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Jul 21, 5:34 PM EDT

New York repeals sales tax on tampons and sanitary napkins



ALBANY, N.Y. (AP) -- New York state has repealed its tax on tampons and other feminine hygiene products, a move expected to save women $10 million a year.

Democratic Gov. Andrew Cuomo signed the measure into law Thursday, calling it "a matter of social and economic justice." The repeal passed the Legislature earlier this year after female lawmakers from both parties complained the tax was sexist because personal products including condoms and bandages were already exempt from the sales tax.

The new law exempts tampons, sanitary napkins and panty liners from the 4 percent state sales tax and from local taxes that generally are about 5 percent. It takes effect within three months.

"Sanitary napkins and tampons are simply not a luxury item; they're an everyday need," said Sonia Ossorio, president of the National Organization for Women-New York City. "It's definitely a step in the right direction. Now what we need to do is look at access to these products."

The repeal of the tax is part of an international effort, fueled in part by public outrage on social media. Canada and states including Massachusetts, Minnesota and Pennsylvania have already eliminated their taxes on feminine hygiene products and repeal efforts are underway in many others.

"We are taking a monumental step forward in reforming our out-of-touch tax laws and we are sending a strong message to New York's women that they are being heard," said Sen. Sue Serino, a Dutchess County Republican. "This day is long overdue."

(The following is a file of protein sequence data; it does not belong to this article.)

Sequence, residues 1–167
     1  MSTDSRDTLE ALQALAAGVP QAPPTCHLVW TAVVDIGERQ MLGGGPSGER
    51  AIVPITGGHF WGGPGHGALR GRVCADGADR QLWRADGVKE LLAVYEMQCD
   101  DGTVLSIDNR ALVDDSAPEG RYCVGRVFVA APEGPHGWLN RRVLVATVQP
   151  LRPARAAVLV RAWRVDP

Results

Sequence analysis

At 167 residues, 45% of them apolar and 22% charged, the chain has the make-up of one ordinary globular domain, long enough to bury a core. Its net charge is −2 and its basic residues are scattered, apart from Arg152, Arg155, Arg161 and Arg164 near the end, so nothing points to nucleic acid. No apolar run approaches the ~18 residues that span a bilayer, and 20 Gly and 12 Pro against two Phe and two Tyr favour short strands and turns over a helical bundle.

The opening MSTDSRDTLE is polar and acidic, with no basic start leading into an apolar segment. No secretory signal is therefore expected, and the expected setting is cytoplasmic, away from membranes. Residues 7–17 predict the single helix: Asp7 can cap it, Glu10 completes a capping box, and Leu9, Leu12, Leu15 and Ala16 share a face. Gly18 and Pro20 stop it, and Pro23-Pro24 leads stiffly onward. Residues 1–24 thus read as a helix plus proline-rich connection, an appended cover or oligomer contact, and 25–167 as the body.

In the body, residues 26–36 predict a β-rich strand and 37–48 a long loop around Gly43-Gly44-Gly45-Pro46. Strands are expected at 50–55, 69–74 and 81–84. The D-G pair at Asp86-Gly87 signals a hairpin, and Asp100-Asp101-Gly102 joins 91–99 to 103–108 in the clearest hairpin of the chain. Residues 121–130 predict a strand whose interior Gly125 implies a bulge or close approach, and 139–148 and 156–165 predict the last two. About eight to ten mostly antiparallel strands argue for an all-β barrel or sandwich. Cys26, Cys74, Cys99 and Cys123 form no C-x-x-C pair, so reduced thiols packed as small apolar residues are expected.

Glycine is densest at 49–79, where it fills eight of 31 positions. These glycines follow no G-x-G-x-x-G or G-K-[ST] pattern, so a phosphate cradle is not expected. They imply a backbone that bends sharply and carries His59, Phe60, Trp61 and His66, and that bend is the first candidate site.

The sales tax was first imposed decades ago at a time when women had little political power, Assemblywoman Linda Rosenthal said.

"The tampon tax is regressive," she said. "Lifting it will spare all women the extra monthly burden of paying taxes on products that are already unaffordable to many."

New York has an estimated 10 million women of child-bearing age.

Ossorio said that while the repeal is a victory, it's emblematic of larger societal inequalities that women face every day. When it comes to feminine hygiene products, she said officials around the country should follow the lead of New York City, which recently enacted a new law requiring free tampons at public schools, homeless shelters and jails.

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